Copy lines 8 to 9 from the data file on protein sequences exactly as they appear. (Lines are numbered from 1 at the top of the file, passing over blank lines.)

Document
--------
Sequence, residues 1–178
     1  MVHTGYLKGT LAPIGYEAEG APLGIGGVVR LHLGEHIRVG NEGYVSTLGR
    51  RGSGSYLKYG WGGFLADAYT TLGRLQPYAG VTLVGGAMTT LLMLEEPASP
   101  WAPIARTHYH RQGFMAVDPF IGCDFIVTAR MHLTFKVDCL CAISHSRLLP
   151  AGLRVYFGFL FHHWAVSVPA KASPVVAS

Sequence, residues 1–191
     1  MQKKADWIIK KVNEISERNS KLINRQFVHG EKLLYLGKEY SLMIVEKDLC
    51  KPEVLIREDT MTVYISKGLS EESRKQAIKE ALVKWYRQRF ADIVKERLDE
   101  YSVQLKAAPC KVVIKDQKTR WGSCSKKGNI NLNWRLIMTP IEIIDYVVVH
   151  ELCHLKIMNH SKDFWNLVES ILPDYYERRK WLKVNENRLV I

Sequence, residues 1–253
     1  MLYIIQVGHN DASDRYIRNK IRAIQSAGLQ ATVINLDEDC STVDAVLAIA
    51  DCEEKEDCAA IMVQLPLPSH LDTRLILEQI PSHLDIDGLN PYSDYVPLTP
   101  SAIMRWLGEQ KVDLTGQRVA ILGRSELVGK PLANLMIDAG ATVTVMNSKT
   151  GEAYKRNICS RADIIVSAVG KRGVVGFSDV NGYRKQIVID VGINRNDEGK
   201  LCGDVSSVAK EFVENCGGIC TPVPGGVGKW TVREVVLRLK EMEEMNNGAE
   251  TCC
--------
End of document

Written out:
    51  KPEVLIREDT MTVYISKGLS EESRKQAIKE ALVKWYRQRF ADIVKERLDE
   101  YSVQLKAAPC KVVIKDQKTR WGSCSKKGNI NLNWRLIMTP IEIIDYVVVH